the gold in them thar hills

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I realize that I may have too much time on my hands from time to time, but when you think about it, the molten Earth sifted out materials based on weight the the iron (and presumably the gold) migrated to the core, where it remains. Which begs the question of why there is so much gold (and other related minerals) on the surface. That’s answered in part in an article from the journal, Nature, from back in 2011.

Ultra high precision analyses of some of the oldest rock samples on Earth by researchers at the University of Bristol provides clear evidence that the planet’s accessible reserves of precious metals are the result of a bombardment of meteorites more than 200 million years after Earth was formed.

Matthias Willbold, Tim Elliott, Stephen Moorbath. The tungsten isotopic composition of the Earth’s mantle before the terminal bombardment. Nature, 2011; 477 (7363): 195 DOI: 10.1038/nature10399

Estimates hold that there are enough precious metals in Earth’s core to cover the entire surface of  with a four-meter thick layer.

“The removal of gold to the core should have left the outer portion of Earth bereft of bling. However, precious metals are tens to thousands of times more abundant in Earth’s silicate mantle than anticipated. It has previously been argued that this serendipitous over-abundance results from a cataclysmic meteorite shower that hit Earth after the core formed. The full load of meteorite gold was thus added to the mantle alone and not lost to the deep interior.”

To test this theory, Dr Matthias Willbold and Professor Tim Elliott of the Bristol Isotope Group in the School of Earth Sciences analyzed rocks from Greenland that are nearly four billion years old, collected by Professor Stephen Moorbath of the University of Oxford. These ancient rocks provide a unique window into the composition of our planet shortly after the formation of the core but before the proposed meteorite bombardment.
The researchers determined the tungsten isotopic composition of these rocks. Tungsten (W) is a very rare element (one gram of rock contains only about one ten-millionth of a gram of tungsten) and, like gold and other precious elements, it should have entered the core when it formed. Like most elements, tungsten is composed of several isotopes, atoms with the same chemical characteristics but slightly different masses. Isotopes provide robust fingerprints of the origin of material and the addition of meteorites to Earth would leave a diagnostic mark on its W isotope composition.
Dr Willbold observed a 15 parts per million decrease in the relative abundance of the isotope 182W between the Greenland and modern day rocks. This small but significant change is in excellent agreement with that required to explain the excess of accessible gold on Earth as the fortunate by-product of meteorite bombardment.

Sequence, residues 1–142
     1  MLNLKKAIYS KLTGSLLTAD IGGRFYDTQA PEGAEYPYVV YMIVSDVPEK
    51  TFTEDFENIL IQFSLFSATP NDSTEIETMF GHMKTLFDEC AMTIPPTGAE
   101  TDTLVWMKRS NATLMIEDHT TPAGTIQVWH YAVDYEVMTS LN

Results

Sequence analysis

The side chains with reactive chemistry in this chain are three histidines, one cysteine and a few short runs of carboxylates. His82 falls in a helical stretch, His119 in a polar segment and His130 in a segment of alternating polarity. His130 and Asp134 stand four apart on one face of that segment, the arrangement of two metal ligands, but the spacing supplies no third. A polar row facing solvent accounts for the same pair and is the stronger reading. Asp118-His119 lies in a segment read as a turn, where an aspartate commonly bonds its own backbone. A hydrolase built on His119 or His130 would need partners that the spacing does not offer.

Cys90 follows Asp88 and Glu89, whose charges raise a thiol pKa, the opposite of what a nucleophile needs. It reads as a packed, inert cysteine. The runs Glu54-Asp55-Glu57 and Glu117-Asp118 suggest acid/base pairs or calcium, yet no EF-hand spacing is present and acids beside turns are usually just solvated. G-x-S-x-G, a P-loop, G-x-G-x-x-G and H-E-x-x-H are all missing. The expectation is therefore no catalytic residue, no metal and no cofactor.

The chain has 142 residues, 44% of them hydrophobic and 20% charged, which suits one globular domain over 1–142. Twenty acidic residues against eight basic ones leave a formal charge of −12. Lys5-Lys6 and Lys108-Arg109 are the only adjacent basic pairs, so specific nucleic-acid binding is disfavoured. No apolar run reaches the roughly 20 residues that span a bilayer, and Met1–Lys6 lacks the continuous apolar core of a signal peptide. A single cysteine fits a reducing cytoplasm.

Dr Willbold said: “Extracting tungsten from the rock samples and analyzing its isotopic composition to the precision required was extremely demanding given the small amount of tungsten available in rocks. In fact, we are the first laboratory world-wide that has successfully made such high-quality measurements.” “Our work shows that most of the precious metals on which our economies and many key industrial processes are based have been added to our planet by lucky coincidence when the Earth was hit by about 20 billion billion tons of asteroidal material.”

Therefore, it might be worth mining the asteroid belt?  Sci-Fi writers take note.

5 thoughts on “the gold in them thar hills

  1. Thar's gold in them thar meteors, eh LL? I don't suppose you could lend me a spare Saturn V, and maybe a LEM (lunar module)? I want to stake my claim early, before the Russians start showing up.

  2. I think that the Chinese may beat everyone to the punch and since they've claimed a quarter of the Pacific Ocean as "their ocean", they can launch from any one of their little military islands to go and mine the asteroids.

  3. It might be worth it, except that the conclusion of the paper is based on the slimmest of nearly-impossible-to-measure isotope differences on top of extremely shaky potassium-argon rock dating methods which are, themselves, based on triple assumptions made mainly to make another whacky theory seem plausible many decades ago. Gold is extremely rare in the crust, and though it is ten-thousand times less rare than expected by some idiots, it is exactly as rare as expected by those who understand chemical affinities and the complexity of thermodynamics in planetary cooling. Interesting arm-chair hypothesis. I give it zero grunts.

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